Gary Knafelc: No voice for retirees
Retired Green Bay Packers tight end Gary Knafelc says he believes the NFL and its players' association hope that players who retired before 1970 die off so they don't have to worry about helping those who are struggling physically.
The 81-year-old Knafelc, who retired in 1963 after 10 seasons, said in an interview with NBC26-TV in Green Bay late last week that he is disappointed by the response to requests for help he has made on behalf of fellow retirees who are struggling.
"We don't have a voice, and I really believe the reason that we don't have a voice is that they're hoping that if we keep dying off at the rate we are, we'll be all dead and they won't have to worry about anything," he said in the interview.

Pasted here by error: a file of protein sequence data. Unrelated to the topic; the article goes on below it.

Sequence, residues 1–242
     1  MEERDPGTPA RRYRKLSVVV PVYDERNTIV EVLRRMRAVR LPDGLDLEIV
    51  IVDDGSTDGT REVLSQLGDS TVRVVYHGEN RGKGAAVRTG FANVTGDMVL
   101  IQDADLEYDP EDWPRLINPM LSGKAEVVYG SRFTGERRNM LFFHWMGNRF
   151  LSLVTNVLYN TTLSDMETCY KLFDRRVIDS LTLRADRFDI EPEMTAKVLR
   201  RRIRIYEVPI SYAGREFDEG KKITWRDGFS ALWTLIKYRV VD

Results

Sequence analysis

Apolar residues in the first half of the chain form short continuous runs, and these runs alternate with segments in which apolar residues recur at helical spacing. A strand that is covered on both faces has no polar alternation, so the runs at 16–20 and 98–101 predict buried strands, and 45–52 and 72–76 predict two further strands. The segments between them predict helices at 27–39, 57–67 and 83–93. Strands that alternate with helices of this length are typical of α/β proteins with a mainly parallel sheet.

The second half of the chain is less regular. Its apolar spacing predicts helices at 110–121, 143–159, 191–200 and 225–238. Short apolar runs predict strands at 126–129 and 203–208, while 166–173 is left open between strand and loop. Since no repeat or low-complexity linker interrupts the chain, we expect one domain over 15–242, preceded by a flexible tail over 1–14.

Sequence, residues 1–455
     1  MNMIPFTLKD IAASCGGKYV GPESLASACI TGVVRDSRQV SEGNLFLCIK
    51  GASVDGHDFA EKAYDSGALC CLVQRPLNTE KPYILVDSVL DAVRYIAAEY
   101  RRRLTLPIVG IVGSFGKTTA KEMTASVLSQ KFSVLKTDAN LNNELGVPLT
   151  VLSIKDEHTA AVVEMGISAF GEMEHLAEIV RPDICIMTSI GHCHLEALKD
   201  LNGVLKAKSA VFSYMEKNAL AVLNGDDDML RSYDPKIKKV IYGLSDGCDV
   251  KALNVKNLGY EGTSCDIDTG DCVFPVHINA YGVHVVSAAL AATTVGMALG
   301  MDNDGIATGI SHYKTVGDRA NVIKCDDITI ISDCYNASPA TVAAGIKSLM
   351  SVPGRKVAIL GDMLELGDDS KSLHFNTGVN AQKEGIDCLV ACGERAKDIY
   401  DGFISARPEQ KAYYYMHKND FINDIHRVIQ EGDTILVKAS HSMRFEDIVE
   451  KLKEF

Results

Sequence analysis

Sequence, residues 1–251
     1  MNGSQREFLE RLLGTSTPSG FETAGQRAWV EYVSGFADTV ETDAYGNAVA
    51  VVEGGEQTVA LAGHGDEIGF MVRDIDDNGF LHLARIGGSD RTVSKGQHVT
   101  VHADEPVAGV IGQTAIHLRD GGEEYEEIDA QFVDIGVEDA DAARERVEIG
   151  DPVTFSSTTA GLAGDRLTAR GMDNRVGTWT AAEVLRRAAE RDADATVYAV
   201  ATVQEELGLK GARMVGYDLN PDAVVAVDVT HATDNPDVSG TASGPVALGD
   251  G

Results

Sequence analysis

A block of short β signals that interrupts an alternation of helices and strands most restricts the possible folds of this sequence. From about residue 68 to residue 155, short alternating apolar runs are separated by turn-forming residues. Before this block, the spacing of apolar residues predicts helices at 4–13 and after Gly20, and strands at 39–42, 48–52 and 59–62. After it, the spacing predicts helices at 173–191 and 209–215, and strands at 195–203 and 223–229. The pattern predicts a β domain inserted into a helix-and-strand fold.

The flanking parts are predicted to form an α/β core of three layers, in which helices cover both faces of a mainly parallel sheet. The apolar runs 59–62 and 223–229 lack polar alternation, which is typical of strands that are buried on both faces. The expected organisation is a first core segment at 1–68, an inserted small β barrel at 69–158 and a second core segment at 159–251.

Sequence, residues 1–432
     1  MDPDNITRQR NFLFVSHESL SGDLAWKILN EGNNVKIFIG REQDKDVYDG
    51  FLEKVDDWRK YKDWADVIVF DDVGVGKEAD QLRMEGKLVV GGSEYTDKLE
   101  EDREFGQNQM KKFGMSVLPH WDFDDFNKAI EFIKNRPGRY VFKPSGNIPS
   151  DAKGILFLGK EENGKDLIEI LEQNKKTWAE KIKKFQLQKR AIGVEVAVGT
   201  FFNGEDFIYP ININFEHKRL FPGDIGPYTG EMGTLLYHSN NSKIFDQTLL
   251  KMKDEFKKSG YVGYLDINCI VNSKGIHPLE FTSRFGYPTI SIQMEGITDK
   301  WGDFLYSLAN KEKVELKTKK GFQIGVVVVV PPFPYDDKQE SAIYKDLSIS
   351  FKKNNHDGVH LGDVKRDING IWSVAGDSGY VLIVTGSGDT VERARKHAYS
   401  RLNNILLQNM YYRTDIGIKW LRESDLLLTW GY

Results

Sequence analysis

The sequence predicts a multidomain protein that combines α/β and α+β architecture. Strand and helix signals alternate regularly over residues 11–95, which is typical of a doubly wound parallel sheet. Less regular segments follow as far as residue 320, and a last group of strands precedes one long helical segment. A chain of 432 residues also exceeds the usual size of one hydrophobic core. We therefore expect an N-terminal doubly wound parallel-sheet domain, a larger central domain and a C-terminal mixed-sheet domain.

"I'm not kidding at all. I'm very serious about that."
He said he believes the NFL Players Association only cares about current players and those who retired after 1970.
"The ones that played prior to that, they've kind of just forgotten entirely," he said.
Knafelc, who also was the public address announcer at Lambeau Field from 1964 until 2004, said he has been told that injuries suffered by players of his era "happened too long ago."
"They don't have enough records to justify helping you out at that time," he said. "In fact, they even come to the point of, 'How do we even know that injury was something you did playing football? It was not something you did later on?'"
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